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With pizza Naples has become world famous thanks to two decidedly non native ingredients: mozzarella and tomatoes. The former was the merit of the Longobards who, after the fall of the Roman Empire, brought the buffalo to Lazio and Campania (it is from the milk of these beasts that mozzarella came into being). The latter was imported from far away Peru, via the Spanish conquistadores, to Italy. After a shaky start, the exotic tomato triumphantly entered the Italian kitchen, and especially, Neapolitan cuisine.
The very first pizza was the marinara tomato, olive oil, garlic and oregano. The margarita pizza came into being in 1889 on the occasion of a visit to Naples by the royal Savoy family. Queen Margaret liked it so much that she permitted its inventor, the pizza maker Raffaele Esposito, to use her name for this specialty rich in delicious stringy melted cheese. From then on it has become a planetary triumph: you can eat pizza from New York to Beijing and from Sydney to Moscow. It will not always be a Neapolitan pizza, with that wonderfully thin crust with its crunchy frame, but a thicker, higher and perhaps a bit chewy version, as the Americans like it, and loaded with ingredients of all sorts (cold cuts, pickles, vegetables, cheeses, even fruit!) But it is, and always will be, Pizza, which makes your heart skip a beat each time and your mouth water.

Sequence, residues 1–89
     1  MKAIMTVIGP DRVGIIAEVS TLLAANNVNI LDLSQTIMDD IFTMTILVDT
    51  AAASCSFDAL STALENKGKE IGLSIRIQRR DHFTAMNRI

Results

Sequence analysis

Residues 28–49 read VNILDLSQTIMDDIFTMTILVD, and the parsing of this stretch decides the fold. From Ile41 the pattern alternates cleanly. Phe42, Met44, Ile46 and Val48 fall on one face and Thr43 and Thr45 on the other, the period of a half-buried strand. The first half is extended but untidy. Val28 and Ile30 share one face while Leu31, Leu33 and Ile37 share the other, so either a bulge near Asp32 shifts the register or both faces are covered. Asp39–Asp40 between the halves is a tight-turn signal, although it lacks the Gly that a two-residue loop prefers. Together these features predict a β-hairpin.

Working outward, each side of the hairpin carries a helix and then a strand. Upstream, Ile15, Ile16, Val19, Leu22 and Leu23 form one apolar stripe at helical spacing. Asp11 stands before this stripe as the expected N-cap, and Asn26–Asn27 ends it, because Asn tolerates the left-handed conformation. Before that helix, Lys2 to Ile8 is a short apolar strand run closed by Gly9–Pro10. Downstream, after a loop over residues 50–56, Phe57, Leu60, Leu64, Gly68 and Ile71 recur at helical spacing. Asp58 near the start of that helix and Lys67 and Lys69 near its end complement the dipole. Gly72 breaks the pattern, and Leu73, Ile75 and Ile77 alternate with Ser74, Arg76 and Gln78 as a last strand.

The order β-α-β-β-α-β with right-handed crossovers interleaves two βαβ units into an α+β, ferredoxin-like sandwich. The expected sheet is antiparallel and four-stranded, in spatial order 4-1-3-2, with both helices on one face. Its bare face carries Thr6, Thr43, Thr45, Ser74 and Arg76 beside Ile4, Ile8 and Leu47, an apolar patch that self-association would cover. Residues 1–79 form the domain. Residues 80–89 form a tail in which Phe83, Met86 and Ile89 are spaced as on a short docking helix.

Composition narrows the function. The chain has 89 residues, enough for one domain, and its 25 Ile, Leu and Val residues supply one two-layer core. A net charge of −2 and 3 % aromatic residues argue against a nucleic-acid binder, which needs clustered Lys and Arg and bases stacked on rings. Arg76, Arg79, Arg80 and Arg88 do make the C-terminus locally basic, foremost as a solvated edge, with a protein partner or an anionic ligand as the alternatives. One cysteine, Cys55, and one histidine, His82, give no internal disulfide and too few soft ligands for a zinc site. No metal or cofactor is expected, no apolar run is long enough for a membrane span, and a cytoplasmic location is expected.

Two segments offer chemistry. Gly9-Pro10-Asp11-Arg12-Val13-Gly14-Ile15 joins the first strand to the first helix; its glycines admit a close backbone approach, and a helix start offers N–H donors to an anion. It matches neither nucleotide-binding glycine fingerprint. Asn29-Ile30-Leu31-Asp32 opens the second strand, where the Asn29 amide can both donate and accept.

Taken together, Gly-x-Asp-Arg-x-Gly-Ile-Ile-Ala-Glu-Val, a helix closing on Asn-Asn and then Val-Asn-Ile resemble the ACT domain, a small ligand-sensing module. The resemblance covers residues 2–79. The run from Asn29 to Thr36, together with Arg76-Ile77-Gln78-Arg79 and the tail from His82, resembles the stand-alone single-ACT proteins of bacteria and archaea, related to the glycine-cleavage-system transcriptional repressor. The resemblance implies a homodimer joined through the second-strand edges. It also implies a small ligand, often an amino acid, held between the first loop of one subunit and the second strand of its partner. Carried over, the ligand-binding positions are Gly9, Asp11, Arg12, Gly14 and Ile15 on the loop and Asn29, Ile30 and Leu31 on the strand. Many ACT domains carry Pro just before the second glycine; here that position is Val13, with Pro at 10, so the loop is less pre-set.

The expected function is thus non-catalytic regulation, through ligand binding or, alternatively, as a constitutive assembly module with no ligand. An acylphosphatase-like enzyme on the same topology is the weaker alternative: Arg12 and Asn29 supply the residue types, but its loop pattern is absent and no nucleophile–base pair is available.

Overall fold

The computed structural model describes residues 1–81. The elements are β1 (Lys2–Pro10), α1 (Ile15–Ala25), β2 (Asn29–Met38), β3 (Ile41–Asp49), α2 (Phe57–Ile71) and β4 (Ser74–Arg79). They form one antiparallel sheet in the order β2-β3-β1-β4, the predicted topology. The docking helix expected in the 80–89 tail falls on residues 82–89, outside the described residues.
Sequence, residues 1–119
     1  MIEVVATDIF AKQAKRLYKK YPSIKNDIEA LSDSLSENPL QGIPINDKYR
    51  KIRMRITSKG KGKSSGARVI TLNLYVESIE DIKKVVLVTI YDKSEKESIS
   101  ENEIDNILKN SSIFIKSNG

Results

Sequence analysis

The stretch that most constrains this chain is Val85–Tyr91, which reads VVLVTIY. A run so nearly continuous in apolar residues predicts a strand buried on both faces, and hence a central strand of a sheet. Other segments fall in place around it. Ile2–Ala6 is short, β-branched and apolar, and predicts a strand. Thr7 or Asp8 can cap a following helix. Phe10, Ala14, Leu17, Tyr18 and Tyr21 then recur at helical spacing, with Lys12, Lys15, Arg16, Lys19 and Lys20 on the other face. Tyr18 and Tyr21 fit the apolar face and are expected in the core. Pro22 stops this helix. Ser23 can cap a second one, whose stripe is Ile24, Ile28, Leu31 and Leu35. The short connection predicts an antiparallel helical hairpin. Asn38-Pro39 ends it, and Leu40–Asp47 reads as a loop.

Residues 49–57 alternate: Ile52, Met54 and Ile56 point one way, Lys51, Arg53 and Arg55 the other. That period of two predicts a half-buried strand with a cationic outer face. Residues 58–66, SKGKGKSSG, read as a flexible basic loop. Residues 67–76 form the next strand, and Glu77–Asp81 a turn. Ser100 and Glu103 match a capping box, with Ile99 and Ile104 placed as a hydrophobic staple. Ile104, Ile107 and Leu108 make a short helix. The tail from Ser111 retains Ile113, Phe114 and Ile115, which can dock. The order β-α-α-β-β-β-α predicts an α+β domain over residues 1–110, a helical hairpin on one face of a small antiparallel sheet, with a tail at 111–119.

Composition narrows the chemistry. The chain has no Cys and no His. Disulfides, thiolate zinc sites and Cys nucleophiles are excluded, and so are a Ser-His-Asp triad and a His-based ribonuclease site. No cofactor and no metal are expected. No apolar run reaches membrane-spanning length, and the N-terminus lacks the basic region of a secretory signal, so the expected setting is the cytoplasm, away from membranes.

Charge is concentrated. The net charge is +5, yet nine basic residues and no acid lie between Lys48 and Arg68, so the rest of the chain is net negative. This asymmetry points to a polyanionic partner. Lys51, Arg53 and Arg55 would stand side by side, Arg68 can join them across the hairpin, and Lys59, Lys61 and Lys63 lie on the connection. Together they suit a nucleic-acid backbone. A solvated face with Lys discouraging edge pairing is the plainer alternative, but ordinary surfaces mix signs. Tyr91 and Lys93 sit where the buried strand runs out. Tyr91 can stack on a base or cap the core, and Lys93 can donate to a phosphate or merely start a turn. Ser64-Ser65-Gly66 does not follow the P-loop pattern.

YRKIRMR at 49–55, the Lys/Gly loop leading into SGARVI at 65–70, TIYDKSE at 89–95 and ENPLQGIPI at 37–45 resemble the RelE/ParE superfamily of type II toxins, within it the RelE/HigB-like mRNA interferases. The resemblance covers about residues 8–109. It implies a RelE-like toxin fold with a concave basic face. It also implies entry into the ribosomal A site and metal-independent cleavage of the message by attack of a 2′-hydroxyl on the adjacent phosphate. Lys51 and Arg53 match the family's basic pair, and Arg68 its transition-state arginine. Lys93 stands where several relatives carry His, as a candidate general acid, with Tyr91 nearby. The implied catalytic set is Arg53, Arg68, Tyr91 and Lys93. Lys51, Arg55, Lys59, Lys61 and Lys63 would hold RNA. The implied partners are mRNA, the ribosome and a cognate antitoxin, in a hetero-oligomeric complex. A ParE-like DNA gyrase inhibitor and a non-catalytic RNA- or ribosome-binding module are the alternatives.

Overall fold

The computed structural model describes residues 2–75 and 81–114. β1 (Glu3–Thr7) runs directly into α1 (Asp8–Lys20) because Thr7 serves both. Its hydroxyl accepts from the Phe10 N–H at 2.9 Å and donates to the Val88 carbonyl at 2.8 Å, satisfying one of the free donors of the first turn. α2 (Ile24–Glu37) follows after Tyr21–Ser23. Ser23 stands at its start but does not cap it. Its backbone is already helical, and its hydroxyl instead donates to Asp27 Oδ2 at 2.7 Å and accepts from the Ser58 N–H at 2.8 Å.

Now that the rage of the wood fired oven has finally abated a bit and thanks to the electric oven with lava rock, the risk of burning pizza has been banished. Even less expert pizza makers manage to create a perfectly delicious smoking pizza every time.